Broken supply chains have left farmers across the globe with mounds of food waste. Facing the prospect of plowing over fields and euthanizing pigs, some of these farmers — like Clint and Shelly Pinkelman — are mitigating their losses by going straight to consumers.
When coronavirus outbreaks forced shutdowns at Smithfield Foods Inc., Shelly sprung into action. She secured sales for their small Nebraskan farm through a grapevine of friends and family and booked spots at meat processors that can handle individual animals. About 300 of the 600 hogs that were ready for market have been sold, Clint said, and many of them fetched above-market prices.
“We’ve had people contact us for our hogs from Colorado, western Nebraska, way up in South Dakota, and we tell them ‘Listen, there are other hog farmers like us. Go talk to your local guy and help them out, we’re not the only ones hurting,’” he said.
It’s a scene that, in varying forms, is playing out around the world: Indian watermelon growers are loading up tractors to sell fruit in nearby villages; U.K. wholesalers are redirecting supplies that restaurants no longer want; Florida blueberry producers are setting up roadside stands.
The new workarounds can limit some of the waste that’s piled up. Saddled with snarled transportation, labor crunches, restaurant shutdowns and plant closures, farmers were forced to smash eggs, dump milk and cull hogs. While the direct-to-consumer sales are unlikely to recover all of that, they can at least help to make a dent and create an additional avenue for people to get access to food at a time when grocery stores have had difficulty keeping shelves stocked.
Some farmers, especially in developing countries where supply chains can be brittle even in normal times, could see the changes last beyond the pandemic. Startups are creating online marketplaces to help connect growers directly with buyers, and producers are on waiting lists to get added even as lockdown restrictions ease.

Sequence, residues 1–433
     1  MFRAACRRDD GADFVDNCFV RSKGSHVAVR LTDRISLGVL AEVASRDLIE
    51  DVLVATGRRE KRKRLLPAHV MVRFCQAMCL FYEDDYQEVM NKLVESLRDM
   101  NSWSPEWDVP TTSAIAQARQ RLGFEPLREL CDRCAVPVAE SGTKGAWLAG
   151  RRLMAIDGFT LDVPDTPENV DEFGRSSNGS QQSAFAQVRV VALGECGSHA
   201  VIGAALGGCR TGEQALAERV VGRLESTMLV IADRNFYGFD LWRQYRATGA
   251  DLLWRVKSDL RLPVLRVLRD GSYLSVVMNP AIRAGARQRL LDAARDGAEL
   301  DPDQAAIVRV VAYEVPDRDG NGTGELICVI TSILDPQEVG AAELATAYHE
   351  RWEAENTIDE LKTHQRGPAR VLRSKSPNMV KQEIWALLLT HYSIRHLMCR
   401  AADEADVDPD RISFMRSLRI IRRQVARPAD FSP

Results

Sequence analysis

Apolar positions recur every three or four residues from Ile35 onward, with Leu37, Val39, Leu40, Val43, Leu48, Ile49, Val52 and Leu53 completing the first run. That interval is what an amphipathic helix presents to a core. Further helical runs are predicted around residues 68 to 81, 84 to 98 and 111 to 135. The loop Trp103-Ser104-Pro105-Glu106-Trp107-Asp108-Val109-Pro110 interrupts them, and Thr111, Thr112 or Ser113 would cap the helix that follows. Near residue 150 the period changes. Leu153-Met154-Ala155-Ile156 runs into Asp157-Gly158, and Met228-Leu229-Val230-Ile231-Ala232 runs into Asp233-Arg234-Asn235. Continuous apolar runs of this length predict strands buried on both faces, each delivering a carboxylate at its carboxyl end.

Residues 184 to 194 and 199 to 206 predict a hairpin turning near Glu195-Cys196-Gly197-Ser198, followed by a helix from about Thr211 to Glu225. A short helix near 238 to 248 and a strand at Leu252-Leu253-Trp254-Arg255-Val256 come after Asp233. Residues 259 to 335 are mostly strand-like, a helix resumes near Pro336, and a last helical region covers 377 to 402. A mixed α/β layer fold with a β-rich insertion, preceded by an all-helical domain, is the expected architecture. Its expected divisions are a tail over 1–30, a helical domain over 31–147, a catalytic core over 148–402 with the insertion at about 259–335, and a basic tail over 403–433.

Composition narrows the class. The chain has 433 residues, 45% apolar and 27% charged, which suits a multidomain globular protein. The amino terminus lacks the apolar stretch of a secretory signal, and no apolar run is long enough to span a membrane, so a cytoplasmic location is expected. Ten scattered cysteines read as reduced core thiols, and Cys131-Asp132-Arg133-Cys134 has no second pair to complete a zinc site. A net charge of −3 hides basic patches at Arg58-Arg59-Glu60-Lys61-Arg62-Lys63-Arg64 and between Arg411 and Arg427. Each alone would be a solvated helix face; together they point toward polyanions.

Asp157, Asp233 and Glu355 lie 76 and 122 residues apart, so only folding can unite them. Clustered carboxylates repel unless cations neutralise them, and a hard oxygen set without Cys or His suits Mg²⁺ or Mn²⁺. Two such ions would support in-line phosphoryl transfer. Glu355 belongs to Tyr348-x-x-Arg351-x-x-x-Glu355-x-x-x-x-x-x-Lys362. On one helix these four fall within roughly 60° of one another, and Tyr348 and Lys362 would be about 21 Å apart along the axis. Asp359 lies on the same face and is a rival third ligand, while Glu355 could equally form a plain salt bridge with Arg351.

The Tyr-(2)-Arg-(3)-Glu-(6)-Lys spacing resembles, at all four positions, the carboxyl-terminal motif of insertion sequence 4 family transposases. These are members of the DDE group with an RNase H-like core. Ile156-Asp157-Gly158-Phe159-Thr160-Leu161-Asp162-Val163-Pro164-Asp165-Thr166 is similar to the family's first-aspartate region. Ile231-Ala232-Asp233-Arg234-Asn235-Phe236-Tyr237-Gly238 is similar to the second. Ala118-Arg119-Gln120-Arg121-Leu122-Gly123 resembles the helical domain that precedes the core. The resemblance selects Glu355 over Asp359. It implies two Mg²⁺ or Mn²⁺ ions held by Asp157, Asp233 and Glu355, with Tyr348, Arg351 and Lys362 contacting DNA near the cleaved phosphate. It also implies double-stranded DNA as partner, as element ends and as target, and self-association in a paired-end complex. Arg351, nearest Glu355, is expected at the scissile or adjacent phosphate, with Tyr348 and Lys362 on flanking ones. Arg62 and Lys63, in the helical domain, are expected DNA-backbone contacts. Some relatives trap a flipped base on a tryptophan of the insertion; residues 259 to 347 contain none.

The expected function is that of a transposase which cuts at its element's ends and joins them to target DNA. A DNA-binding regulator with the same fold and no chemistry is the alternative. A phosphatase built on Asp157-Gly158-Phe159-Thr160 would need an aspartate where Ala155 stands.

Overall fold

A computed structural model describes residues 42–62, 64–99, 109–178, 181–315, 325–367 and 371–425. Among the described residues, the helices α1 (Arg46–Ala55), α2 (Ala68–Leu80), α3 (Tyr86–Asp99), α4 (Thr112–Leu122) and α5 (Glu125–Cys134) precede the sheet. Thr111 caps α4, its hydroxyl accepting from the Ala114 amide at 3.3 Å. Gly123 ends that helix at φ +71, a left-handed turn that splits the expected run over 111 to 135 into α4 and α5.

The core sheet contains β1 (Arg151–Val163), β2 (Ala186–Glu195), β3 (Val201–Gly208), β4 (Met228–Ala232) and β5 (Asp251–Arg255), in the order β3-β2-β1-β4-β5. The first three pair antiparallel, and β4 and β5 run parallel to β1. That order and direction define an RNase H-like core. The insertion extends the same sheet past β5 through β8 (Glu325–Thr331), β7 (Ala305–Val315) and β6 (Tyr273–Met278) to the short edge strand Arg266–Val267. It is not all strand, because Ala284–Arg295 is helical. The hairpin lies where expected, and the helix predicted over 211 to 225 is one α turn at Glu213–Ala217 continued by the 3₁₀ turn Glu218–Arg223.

Even in the U.S., some of the new selling methods will stick around after plants are back up and grocery shelves are stocked. Consumers are putting more thought into where their food comes from and doing more long-term meal planning, said Dana Gunders, the executive director for ReFED, a nonprofit that focuses on reducing food waste in the U.S. Demand for things like CSA (community-supported agriculture) boxes of produce has gone up and will likely stay that way, according to Jennifer Molidor, a senior food campaigner at the Center for Biological Diversity.
For hog farmers like the Pinkelmans, finding consumers to directly buy animals can mean the difference between bankruptcy and staying afloat. Even as American meat plants start to reopen under an executive order from President Donald Trump, the facilities are running below normal capacity amid worker absenteeism. The pork industry is also working through a backlog of animals that’s denting overall demand, so Clint and Shelly say they expect to keep selling individual animals direct to consumer for some time to come.
“We’re either going to get on top of this or we’re going to lose,” she said.
The big question here: What does a consumer do once they’ve secured their own hog? The answer: Find a local processor, sometimes called a meat locker, that can take on the task of turning a pig into pork chops.